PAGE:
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Chateau Chateau Pichon-Longueville Comtesse de Lalande, generally called Pichon-Lalande, is in the commune of Pauillac in northern Medoc, Bordeaux. It is one of the most sought after second growths, sometimes referred to as a 'super second', implying that it would merit to join the first growths (in case you still believe in the validity of the 1855 classification). It was for a long time run by the dynamic grand old lady May-Eliane de Lencquesaing who greatly contributed to (if not created) the chateau's reputation. The vineyards and the winery are just next to Chateau Latour. One has a nice view over the Latour tower from the Pichon Lalande terrace, a terrace that also is the roof of the recently constructed winery and wine cellar. It was recently sold to the Rouzard family of Champagnes Louis Roederer. However, the winery is still managed by Mme de Lencquesaing's nephew Gildas d'Ollone.

The vineyards extend over 75 hectares, including some vineyards in Saint Julien, grapes from which are curiously still used in the Grand Vin under the Pauillac appellation. They also own Ch Bernadotte, previously Le Fournas Bernadotte. The grape varieties used are cabernet sauvignon and merlot, plus some cabernet franc and petit verdot. Winemaking is of course modern with all the latest technology (as is general in the more luxurious estates in Bordeaux): stainless steel fermentation tanks, extensive barrel aging etc.

The chateau in itself is a very elegant structure, just across the street from 'the other Pichon', Chateau Pichon Baron. It is in a beautiful and well tended park decorated with various sculptures, a Bacchus aptly included.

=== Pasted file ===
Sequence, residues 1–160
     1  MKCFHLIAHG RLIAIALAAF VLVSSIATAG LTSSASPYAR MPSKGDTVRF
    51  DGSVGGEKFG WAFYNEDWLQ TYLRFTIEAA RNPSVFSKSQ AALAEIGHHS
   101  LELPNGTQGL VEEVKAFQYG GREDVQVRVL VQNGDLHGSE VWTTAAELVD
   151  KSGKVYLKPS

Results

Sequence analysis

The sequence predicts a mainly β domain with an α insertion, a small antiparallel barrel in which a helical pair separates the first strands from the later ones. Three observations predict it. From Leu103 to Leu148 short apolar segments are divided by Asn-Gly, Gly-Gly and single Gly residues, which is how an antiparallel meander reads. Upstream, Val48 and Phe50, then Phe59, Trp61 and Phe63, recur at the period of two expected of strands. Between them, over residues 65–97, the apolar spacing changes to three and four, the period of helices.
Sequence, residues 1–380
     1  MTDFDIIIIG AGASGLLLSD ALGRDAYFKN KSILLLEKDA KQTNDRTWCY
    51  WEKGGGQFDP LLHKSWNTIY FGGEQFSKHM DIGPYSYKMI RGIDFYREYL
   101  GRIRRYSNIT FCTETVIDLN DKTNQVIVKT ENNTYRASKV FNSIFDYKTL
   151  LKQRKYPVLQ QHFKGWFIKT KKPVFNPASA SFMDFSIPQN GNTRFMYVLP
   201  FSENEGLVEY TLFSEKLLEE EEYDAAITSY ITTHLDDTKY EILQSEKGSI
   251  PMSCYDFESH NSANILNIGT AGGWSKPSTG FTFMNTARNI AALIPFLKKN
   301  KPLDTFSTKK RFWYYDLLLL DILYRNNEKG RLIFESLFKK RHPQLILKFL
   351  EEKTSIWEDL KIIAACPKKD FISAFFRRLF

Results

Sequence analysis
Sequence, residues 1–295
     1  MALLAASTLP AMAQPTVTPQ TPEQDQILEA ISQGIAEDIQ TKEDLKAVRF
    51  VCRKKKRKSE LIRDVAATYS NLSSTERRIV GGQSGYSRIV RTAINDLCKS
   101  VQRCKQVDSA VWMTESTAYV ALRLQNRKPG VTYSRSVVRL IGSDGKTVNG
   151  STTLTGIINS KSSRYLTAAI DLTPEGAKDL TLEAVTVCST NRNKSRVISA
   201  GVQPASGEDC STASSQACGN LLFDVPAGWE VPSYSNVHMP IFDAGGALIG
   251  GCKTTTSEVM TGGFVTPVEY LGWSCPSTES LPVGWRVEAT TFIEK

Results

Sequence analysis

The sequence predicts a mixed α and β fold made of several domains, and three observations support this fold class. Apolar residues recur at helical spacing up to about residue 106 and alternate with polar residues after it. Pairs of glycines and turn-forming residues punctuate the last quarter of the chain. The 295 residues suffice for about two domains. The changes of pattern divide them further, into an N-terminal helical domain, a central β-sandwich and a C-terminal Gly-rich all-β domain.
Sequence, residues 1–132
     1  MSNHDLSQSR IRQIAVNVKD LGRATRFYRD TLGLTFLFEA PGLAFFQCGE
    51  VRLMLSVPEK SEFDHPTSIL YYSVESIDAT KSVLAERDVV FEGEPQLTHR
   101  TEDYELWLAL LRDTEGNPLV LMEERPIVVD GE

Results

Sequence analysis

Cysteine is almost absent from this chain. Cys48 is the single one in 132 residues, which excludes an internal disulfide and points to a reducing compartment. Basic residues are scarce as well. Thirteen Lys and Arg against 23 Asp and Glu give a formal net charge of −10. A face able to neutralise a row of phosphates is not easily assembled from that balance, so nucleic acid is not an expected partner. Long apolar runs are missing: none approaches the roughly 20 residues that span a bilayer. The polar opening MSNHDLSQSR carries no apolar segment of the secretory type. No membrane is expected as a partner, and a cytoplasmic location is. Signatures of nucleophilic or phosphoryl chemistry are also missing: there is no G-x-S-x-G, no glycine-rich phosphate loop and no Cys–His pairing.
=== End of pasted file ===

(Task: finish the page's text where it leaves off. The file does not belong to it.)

All images © copyright Per Karlsson, BKWine. Images may not be used without our permission.


Bordeaux Pauillac Chateau Pichon Lalande stock photo samples - Images by Per Karlsson

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The tower AND the chateau

>> Thursday, 27 May 2010



Vineyard. The tower. Chateau Latour, Pauillac, Medoc, Bordeaux, France

[It is unusual to see both the tower and the chateau in the same photo. This one is from a place in the vineyard where one rarely goes.]

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Chateau Latour, Pauillac, Medoc stock photography samples, by Per Karlsson, BKWine.

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Chateau Latour is one of the four wine chateaux categorised in 1855 as a First Growth (Premier Grand Cru - a fifth was added later). This "1855 classification" is curiously still considered important among wine drinkers and wine merchants. The Chateau Latour is located in the commune of Pauillac in the Medoc in the Bordeaux wine region.

It gets its name from the tower next to the chateau building itself. The main building is a rather humble affair compared to many other exclusive and exuberant chateaux in the region. The tower lies on a small hilltop in the middle of the vineyards. From there you have a view over the river Garonne. The vineyards extend over some 78 hectares, not all in one plot. They make a "grand vin", the Chateau Latour, and a second wine called Les Forts de Latour. The grape varieties grown are cabernet sauvignon (some 80%) and merlot, with a few vines of cabernet franc and petit verdot.

All images © copyright Per Karlsson, BKWine. Images may not be used without our permission.


Bordeaux Pauillac Chateau Latour stock photo samples - Images by Per Karlsson

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Green harvest

>> Monday, 24 May 2010



Green harvested grapes dumped on the ground. Cabernet Sauvignon. Chateau Liversan, Domaines Lapalu, Haut Medoc, Bordeaux, France

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Chateau Liversan, Medoc stock photography samples, by Per Karlsson, BKWine.

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Château Liversan is part of the Domaines Lapalu group and is in the Médoc appellation. It is part of the group of wine domains that has the label Cru Bourgeois, a classification that has been annulled for reasons of legal wrangling and disagreement between proprietors.

The Château Liversan was bought in 1995 by the Lapalu family. They also own four or five other châteaux in the Médoc. The château and cellars have been beautifully restored. The Domaines Lapalu now includes, apart from Liversan, the châteaux Patache d'Aux, Lacombe Noaillac, Lieujean, Le Bosq, Fonpiqueyre, Lagrave, Les Rives de Gravelongue, Les Traverses la Franque, Le Borderon, and Larrivaux.